By and large, the UKCS oil & gas story has been one of success. However, this has not been the case in the waters west of the Scottish mainland and the Hebrides. Rather, it has been one of disappointment and, unlike bustling Shetland, somehow oddly remote from Aberdeen.
Scotland’s west coast has always had a slightly arms length relationship with the oil & industry – intimately involved at some levels but never the front line in terms of activity or economic impacts.
It was not always expected to remain that way. I remember, almost 40 years ago, attending explanatory meetings in Stornoway and elsewhere at which oil industry executives talked confidently about the industry’s expansion to waters west of the Hebrides.
It was not a case of “if?” but “when?” which explains why that expectation has never quite gone away even though it has rarely seemed close to being fulfilled.
Over the years, there have been occasional bursts of activity with helicopters flying in and out of Stornoway or exploration vessels going quietly about their business.
DECC records show that there were 12 instances of exploration rigs drilling west of the Hebrides between 1980 and 2006 since which time activity appears to have faded. The British National Oil Corporation was first to have a go followed by BP, Britoil and half a dozen others including Marathon and Conoco.
During the Referendum campaign, there was a rash of conspiracy theories about how the wicked mandarins of Whitehall were trying to keep the lid on news of massive oil & gas discoveries off Scotland’s west coast. The exact opposite has actually been closer to the reality.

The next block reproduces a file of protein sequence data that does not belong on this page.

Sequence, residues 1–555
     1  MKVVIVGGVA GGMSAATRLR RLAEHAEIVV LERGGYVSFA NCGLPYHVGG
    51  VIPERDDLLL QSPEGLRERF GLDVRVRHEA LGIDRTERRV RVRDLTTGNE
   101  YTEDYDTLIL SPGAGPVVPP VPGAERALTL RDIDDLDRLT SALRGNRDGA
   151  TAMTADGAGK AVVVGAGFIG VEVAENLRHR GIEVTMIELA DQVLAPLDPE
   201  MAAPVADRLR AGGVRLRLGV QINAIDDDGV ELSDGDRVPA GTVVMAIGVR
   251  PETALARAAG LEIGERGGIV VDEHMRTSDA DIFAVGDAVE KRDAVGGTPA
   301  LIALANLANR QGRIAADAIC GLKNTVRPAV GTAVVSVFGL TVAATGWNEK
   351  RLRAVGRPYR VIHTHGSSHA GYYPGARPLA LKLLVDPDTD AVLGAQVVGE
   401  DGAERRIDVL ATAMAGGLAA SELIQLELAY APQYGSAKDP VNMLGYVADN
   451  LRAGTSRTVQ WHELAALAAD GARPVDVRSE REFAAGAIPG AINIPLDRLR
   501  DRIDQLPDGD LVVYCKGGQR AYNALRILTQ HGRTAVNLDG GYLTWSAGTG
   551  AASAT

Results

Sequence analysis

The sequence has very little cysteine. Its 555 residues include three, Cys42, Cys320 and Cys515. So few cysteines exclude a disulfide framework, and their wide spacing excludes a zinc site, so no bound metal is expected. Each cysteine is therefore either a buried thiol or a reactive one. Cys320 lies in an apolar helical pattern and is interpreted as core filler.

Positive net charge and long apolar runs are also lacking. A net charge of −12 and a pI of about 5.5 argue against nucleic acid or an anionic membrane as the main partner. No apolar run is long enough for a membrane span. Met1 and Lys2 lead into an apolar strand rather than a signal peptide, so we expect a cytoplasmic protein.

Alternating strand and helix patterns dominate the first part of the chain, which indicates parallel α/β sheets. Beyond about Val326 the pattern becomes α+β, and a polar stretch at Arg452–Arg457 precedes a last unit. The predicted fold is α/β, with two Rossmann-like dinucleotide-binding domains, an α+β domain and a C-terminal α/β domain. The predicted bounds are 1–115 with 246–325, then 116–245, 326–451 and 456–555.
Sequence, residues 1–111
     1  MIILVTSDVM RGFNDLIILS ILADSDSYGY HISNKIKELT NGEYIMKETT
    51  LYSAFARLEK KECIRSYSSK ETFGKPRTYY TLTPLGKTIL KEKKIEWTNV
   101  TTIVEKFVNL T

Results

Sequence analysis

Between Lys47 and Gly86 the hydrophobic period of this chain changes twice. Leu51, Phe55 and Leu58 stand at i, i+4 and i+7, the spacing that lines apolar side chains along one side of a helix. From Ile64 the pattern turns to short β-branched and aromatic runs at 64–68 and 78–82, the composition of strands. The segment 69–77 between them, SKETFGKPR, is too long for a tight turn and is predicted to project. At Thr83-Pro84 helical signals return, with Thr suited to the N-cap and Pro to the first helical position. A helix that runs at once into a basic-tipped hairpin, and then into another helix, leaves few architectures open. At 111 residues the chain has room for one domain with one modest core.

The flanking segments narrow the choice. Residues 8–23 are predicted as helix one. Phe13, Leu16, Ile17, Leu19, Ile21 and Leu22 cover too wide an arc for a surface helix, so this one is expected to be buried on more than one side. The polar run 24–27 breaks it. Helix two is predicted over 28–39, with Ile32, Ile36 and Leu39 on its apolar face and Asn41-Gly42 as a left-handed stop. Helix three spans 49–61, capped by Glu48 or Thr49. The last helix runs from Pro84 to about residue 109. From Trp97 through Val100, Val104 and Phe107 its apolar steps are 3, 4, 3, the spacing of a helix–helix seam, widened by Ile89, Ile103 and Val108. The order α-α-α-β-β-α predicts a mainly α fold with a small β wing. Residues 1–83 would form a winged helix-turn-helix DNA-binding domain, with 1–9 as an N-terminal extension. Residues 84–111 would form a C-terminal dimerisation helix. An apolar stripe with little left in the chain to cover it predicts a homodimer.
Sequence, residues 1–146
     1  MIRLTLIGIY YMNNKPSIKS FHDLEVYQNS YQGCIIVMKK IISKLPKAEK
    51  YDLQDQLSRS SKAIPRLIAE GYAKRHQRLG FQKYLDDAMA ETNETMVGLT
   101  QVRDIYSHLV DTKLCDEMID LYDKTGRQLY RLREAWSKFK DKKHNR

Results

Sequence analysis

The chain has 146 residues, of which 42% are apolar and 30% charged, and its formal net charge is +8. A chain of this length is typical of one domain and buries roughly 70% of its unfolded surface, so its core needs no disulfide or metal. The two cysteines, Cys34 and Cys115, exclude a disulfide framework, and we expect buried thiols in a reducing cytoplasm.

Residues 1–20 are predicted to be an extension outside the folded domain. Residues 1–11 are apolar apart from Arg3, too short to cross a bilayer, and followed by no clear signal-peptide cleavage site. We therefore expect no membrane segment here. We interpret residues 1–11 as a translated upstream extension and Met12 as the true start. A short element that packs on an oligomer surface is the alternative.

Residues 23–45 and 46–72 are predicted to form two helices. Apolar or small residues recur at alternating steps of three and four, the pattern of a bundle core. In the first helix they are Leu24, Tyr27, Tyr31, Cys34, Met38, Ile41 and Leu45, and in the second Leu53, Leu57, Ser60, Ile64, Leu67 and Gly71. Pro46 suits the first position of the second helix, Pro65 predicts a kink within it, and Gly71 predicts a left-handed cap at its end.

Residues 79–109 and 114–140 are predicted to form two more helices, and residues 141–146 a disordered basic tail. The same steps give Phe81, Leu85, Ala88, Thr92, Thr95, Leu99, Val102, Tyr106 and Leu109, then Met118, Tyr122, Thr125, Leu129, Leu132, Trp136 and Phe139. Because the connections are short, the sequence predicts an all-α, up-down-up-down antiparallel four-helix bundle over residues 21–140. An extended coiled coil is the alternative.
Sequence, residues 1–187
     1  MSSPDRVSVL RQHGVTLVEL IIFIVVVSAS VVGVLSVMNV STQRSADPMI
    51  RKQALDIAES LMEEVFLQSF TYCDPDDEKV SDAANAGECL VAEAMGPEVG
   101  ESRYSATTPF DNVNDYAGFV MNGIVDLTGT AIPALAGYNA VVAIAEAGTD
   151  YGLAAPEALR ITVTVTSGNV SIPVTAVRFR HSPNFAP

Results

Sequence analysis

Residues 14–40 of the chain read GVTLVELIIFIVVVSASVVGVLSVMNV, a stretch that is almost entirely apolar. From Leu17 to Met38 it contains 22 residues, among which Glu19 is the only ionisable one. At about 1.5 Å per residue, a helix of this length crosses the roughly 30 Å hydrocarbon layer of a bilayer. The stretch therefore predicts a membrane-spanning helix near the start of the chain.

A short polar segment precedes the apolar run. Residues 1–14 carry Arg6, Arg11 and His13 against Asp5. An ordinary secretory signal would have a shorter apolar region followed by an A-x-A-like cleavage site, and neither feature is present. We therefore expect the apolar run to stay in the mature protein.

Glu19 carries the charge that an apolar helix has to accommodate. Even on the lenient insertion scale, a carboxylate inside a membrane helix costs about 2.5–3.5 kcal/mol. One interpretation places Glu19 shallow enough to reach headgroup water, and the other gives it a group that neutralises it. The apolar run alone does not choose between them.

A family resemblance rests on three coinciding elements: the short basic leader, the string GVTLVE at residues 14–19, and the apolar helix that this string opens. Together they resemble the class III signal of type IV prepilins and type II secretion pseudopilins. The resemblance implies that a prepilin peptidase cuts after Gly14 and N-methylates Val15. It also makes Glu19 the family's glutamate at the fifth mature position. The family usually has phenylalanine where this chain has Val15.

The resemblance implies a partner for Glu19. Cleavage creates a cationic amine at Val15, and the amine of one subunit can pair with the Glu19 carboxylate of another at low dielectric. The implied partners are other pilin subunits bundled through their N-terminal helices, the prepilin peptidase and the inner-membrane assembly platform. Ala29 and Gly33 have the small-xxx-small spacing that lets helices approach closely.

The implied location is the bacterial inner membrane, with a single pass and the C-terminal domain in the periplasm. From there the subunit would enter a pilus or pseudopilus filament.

Government has repeatedly tried to promote interest among the oil companies in carrying out more exploration west of the Hebrides in the belief that the geology favours the likelihood of a whole new frontier for the future. The scepticism has tended to come from the industry itself, even in more favourable economic times.
Somewhere, there must be an awful lot of seismic data about the Rockall Trough and other areas of our western waters which have been surveyed over the decades. One day, something might happen but the current trends in the price of oil confirm that it is even more unlikely than it was 40 years ago, to happen anytime soon.
The closest the west coast came to having a real, live discovery was called Benbecula, 120 miles north-west of the Isle of Lewis. This actually became a real possibility during my watch as an energy minister and I did what I could to encourage the then operating licensee, Enterprise Oil, to pursue the option to its limits.
In 2000, it found gas, but eventually concluded that the discovery was not on a sufficient scale to be viable and sold out to Shell, which returned to the fray in 2006 in the hope that it might provide a Scottish equivalent to Ireland’s Corrib field. Again, nothing came of it.